At those points of the end of beam 6a which are opposite the limbs 59 when it is aligned with track 2a, an opening 65 is provided in which an abutment 66 is recessed (cf. also FIGS. 3 and 6) on which the limbs 59 can be laid. The arrangement is made such that the top edges of the limbs 59 will, if they lie on the abutments 66, constitute a flush, large-area connection between the surface of the slide rail 25 and the slide surface 25a and span the gap 55 between the beam 6a and the track 2a. Therefore the parts of the magnetic vehicles which are associated with the slide rails 25 and the slide surfaces 25a can not penetrate into the gap 55 even under unfavorable operating conditions.
Finally, two rail joiners 67 disposed in the prolongations of the rails 23 are provided (FIGS. 3, 6 and 10). These have each a slot 68 of a size corresponding to the height and width of the roots 42b of the displaceable rails 42. In the case of a switchover to track 1a or any other track intended for use by rail vehicles, these slots 68 serve to accommodate the roots 42b by clamping them or interlocking with them and hold them firmly in engagement with the asosciated ends of the rails 23. Furthermore, clamping or plug-in means, not represented, can be associated with the rail joiners, which will lock the roots 42b in fixed position in the slots 68. This additionally assures that the rails 42 together with rails 23 will automatically accompany those movements which take place in their longitudinal direction as a result of temperature variations or of forces which occur when a rail vehicle passes through the switch. In this manner a proper operation of the switch 4a and of the apparatus 31 is assured even in the area of the gap 30. The clamping or plug-in means are best so made that they can be remotely controlled like the drivers 17, 49 and 58.
The rails 23 of the track section 21 mounted on the beam 6a are, as seen in FIGS. 3 and 6, mounted by fastening means 69 (FIGS. 3, 6) in the form of ribbed plates or the like on the supporting structure 22 and therefore, as is common practice in the construction of tracks for rail vehicles, they are mounted so as to be longitudinally displaceable to a certain extent. Thus it is possible on the one hand for the rails 23 to perform the movements made necessary by temperature variations or the like. On the other hand, the displaceable mounting is also necessary so that the rails 23 will be able, when the beam 6a flexes, to perform the movements relative to the fastening means 69 made necessary by bends in the track. Because flexing of the beam 6a produces the consequence that the free ends of the rails 23 on the inside relative to the free ends of the rails 23 on the outside are more greatly pushed forward in the direction of the branch line, and therefore the ends of the rails 23 are separated by different distances from the corresponding rail ends of the branch after a flexible.
To avoid this problem, in the case where the beam 6a is to be flexed to align it also with tracks which can be used by rail vehicles, an apparatus similar to apparatus 31 is provided according to the invention in the switch 4a. For this purpose the rails 23 are, for example, provided with sections which diverge wedge-wise toward the end of the beam 6a, on whose inner surfaces wedge-shaped rails corresponding to rails 42 are mounted with a sliding fit, whose apexes come to lie in a middle portion of the beam 6a. The roots of these wedge-shaped rails are, however, affixed to the end of the beam 6a by interlocking or clamping connections, so that they are always in the same position relative to one another regardless of the flexing of the beam 6a and the development of different distances between them and the branch tracks is not possible. When the beam flexes, however, the rest of the parts of the wedge-shaped rails can slide against the rails according to the state of flexure of the beam 6a and thus compensate changes in length due to different curvatures. The changes in track width caused thereby are slight, as in the case of apparatus 31, and if the taper angles are sufficiently small they can be kept within the necessary tolerances.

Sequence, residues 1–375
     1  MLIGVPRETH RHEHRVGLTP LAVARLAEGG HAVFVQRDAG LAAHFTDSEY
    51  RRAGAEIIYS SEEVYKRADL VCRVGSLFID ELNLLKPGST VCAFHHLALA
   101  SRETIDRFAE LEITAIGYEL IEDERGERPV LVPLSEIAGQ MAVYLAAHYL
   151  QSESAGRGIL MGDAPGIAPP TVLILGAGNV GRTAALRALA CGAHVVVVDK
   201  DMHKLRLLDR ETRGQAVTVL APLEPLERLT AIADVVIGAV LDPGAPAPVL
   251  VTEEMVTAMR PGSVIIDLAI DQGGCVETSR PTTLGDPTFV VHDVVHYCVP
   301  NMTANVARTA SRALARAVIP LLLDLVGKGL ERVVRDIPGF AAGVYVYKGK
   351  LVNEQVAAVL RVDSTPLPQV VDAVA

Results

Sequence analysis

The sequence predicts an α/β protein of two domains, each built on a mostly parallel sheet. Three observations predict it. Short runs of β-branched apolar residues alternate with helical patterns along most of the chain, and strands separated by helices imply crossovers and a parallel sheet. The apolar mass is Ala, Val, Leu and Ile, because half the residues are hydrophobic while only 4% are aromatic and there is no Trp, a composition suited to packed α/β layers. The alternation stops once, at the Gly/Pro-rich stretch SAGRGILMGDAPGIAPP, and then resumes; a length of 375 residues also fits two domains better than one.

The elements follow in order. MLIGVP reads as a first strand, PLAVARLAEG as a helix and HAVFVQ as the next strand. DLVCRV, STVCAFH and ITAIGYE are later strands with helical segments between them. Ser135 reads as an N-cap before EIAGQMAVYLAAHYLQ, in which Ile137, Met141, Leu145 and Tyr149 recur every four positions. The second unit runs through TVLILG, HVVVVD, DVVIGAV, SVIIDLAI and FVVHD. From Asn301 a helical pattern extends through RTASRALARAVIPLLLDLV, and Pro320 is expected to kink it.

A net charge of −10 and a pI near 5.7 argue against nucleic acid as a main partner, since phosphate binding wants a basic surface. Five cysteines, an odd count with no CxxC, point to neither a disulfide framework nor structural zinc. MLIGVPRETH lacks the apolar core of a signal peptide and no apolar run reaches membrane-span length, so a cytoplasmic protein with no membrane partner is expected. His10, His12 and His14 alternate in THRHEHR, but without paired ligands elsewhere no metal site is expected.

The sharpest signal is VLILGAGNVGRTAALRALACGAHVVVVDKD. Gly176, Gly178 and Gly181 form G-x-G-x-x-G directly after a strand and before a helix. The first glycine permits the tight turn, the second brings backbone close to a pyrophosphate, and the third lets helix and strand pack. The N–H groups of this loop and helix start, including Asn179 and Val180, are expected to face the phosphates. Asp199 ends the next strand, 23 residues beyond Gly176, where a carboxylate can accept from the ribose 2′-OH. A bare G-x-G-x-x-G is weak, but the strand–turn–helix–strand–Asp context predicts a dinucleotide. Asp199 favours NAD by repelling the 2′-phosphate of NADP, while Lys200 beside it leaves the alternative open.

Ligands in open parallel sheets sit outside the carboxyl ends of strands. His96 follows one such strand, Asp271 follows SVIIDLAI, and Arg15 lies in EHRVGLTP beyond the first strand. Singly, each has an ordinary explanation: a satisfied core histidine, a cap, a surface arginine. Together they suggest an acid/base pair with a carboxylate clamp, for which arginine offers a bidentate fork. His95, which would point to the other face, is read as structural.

The invention is not limited to the embodiments described, which can be modified in many ways. It is possible, for example, to integrate apparatus 31 into the switches 4a or 4b and to construct it so that it can be used not only for opening and closing the gap 30 but also to prevent different distances between the rails after a flexure. The invention furthermore is not limited to switch systems which can be aligned only to one through track and one branch track, because in an expansion of the idea of the invention, more than two branch lines can be provided on both sides of a trunk line and the beams 6a and 6b could be flexed to both sides accordingly. Lastly, the invention is not limited to magnetic vehicles which hook around the tracks from the outside or which are in any other way secured for the prevention of derailments.
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|U.S. Classification||104/130.03, 246/434|
|International Classification||E01B25/34, E01B7/00, E01B7/06, E01B26/00, E01B25/00|
|Cooperative Classification||E01B7/06, E01B25/34|
|European Classification||E01B25/34, E01B7/06|
|May 23, 1988||AS||Assignment|
Owner name: THYSSEN INDUSTRIE AG, AM THYSSENHAUS 1, D-4300 ESS
Free format text: ASSIGNMENT OF ASSIGNORS INTEREST.;ASSIGNORS:SCHAFFER, GOTTFRIED;SCHWINDT, GERT;REEL/FRAME:004887/0950
Effective date: 19880422
Owner name: THYSSEN INDUSTRIE AG,GERMANY
Free format text: ASSIGNMENT OF ASSIGNORS INTEREST;ASSIGNORS:SCHAFFER, GOTTFRIED;SCHWINDT, GERT;REEL/FRAME:004887/0950
Effective date: 19880422
|Mar 25, 1993||FPAY||Fee payment|
Year of fee payment: 4
|Mar 21, 1997||FPAY||Fee payment|
Year of fee payment: 8
|Mar 22, 2001||FPAY||Fee payment|
Year of fee payment: 12